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The Master Speaks: Chapter 11, The Allness of God
- ~ 11 ~ THE ALLNESS OF GOD The primary purpose of our work is to bring forth our true identity as Spirit, as God made manifest, as Life, individually expressed in all of life's harmony and perfection. We, in our work, do not attempt just to turn sick people into well people, or poor people into rich people. Improving humanhood is not our main object. The fruitage of our work is improved health and supply, but the improvement of material conditions is not its prime object. These are only the "signs following." The primary object is to reveal God as individual being, to reveal that there are not God and man, but that there is only God, God appearing as individual you and individual me to reveal that "I and my Father are one." 1 There are not both a God and you, but since God is infinite, and God is all, then God must express Itself, manifest Itself, as you and as me. In this oneness, there is no room for sin, disease, lack, or limitation. There is no room for war or for unfair competition. There is no room for the evils of capitalism or the evils of communism. There is only room for the understanding of true being-the understanding of what it means to be God manifested individually, in all of God's glory. You will remember the prayer of the Master: "Father, glorify me with thine own self, with the glory which I had with thee." 2 Think what it would mean if we could stand forth here and now in all of God's glory. Think how impossible it would be to lack anything if we were showing forth the allness of God, if we were showing forth the truth of that statement, "Son . . . all that I have is thine." 3 According to Scripture, it is true that all that the Father hath is thine and mine. Once you and I begin to show forth that allness of God, how impossible it would be for any form of envy, jealousy, malice, or strife to enter into our daily experience. And that is the object of this work. The Infinite Way is not merely for the purpose of setting up better human beings, but to ...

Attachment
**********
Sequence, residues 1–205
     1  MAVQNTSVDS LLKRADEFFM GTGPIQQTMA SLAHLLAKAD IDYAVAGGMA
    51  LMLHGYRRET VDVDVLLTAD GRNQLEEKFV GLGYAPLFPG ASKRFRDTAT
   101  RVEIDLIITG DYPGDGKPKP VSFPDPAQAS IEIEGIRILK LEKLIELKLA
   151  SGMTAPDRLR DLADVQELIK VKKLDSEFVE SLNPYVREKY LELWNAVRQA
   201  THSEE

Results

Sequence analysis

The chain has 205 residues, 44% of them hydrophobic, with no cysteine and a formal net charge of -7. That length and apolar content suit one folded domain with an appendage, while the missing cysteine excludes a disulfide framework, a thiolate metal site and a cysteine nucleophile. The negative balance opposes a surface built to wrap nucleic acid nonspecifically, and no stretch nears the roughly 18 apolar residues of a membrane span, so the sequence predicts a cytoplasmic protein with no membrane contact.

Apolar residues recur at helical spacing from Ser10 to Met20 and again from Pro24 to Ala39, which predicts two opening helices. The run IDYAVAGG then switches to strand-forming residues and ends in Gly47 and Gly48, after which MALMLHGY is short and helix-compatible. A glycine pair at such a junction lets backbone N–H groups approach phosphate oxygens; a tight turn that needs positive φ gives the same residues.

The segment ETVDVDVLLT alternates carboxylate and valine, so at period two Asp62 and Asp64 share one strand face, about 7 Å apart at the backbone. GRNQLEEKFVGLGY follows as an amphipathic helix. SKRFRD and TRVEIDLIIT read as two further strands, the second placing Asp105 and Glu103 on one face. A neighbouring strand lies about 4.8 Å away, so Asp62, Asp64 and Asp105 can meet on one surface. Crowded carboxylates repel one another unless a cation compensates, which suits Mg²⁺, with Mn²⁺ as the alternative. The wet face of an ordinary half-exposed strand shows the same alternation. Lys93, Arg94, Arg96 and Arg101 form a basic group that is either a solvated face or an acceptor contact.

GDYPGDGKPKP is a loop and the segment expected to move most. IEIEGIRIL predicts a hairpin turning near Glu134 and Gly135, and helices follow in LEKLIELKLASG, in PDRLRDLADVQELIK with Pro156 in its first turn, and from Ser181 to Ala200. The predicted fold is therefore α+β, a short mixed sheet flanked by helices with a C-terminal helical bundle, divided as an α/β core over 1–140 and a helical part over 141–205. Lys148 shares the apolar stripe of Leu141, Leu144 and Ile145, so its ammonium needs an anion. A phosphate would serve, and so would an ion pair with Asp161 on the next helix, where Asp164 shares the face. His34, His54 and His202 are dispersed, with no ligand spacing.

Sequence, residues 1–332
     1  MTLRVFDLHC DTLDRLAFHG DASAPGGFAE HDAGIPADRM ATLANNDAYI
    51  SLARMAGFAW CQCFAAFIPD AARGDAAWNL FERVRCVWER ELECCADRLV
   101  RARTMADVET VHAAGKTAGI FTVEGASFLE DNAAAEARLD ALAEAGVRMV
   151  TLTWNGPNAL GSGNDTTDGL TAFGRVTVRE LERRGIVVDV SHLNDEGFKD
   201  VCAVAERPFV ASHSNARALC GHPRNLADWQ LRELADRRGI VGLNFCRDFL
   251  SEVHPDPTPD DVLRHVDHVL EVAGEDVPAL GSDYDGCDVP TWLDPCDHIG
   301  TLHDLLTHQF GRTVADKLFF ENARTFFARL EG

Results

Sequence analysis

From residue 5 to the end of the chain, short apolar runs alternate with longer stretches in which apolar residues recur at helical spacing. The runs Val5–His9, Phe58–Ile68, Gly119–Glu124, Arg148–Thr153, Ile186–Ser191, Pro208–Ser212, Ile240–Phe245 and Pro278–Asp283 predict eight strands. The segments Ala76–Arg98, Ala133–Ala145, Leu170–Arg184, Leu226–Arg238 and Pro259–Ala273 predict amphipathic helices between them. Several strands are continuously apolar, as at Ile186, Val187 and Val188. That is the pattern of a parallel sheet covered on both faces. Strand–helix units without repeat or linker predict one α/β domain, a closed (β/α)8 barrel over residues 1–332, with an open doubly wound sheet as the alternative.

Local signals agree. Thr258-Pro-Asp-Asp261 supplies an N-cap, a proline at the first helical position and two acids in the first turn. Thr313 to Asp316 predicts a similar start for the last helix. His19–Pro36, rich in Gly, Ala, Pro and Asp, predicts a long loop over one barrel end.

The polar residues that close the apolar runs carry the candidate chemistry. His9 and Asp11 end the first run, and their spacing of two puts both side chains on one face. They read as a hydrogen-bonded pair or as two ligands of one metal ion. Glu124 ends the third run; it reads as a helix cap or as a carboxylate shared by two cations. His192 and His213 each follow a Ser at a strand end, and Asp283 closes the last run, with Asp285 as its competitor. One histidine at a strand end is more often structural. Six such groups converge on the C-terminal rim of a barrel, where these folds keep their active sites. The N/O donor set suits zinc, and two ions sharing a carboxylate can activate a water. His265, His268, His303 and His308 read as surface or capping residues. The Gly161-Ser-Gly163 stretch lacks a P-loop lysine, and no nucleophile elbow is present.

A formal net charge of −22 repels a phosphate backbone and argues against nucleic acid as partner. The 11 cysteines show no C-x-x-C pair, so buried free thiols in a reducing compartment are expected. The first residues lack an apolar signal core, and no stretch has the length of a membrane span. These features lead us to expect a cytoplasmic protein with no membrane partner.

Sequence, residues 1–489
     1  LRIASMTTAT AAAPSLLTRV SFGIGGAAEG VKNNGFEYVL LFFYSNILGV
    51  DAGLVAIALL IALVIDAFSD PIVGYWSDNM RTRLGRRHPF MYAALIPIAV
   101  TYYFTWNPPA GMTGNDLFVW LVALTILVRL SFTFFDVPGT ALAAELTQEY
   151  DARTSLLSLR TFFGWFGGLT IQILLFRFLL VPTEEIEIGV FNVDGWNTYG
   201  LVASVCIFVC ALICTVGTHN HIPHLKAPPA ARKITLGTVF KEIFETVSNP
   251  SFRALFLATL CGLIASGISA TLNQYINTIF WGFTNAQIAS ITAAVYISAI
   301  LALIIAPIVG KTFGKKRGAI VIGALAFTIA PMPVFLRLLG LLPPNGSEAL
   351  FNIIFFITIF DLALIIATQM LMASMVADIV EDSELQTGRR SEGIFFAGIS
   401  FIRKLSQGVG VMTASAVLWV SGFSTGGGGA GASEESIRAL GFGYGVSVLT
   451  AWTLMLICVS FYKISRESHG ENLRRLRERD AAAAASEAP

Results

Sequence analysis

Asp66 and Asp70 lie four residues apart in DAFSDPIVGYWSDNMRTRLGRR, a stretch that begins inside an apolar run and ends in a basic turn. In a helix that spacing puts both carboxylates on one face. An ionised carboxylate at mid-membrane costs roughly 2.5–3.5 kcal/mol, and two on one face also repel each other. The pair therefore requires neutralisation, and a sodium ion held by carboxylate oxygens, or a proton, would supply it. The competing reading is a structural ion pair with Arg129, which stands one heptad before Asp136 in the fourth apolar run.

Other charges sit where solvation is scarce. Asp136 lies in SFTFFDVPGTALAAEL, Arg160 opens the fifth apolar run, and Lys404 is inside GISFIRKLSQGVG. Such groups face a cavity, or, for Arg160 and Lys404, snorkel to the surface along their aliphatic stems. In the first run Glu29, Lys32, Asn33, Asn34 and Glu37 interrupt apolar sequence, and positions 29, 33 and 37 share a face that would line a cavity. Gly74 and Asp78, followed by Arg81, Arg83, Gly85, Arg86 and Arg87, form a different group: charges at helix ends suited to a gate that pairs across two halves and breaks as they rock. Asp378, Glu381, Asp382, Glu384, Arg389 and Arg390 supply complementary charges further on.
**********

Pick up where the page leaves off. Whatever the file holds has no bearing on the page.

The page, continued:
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1954 Infinite Way Letters: Chapter 5, Knowing the Truth in Treatment
- ~ 5 ~ KNOWING THE TRUTH IN TREATMENT To those of us on the Path of The Infinite Way our goal is harmony-spiritual, eternal, immortal harmony in all of our relationships, being, body and business. In our search for the harmonies of life we have come to see that the only harmony is the harmony of God, made manifest as our individual experience. We have found that it is an impossibility to be intelligent, healthy or wealthy in and of ourselves, and that even though we gain these through material means they prove to be unsatisfactory, incomplete and impermanent. Only in the degree that we understand that God is the Intelligence of the universe, that God is the Mind, the Soul, and the Spirit of our individual being, do we have harmony as a permanent and continuing dispensation. As we come into the realization that there is no lasting safety or security, no health or wealth in the material world, we must find our new abiding-place-"an house not made with hands, eternal in the heavens." How do we attain this spiritual life? How do we attain spiritual consciousness? How do we attain our freedom from "this world?" The Master showed us the way-"Ye shall know the truth, and the truth shall make you free." The first step in attaining freedom from the world is learning and knowing the truth. Read and study scripture and truth books. Bring yourself into the atmosphere of those who have attained some measure of spiritual consciousness. Choose your books, your teacher or teaching only after thoughtful consideration and prayer that they be revealed to you. Each one must find within his own being his true teacher or teaching, and be faithful to them until such time as he shall be led to a higher step. In the last analysis, we shall all be taught of God. The second, and by far the most important step, is knowing the truth, not merely by reading, studying or hearing it, but also by receiving it by impartation from within your own being. In giving treatments to ourselves or others in ...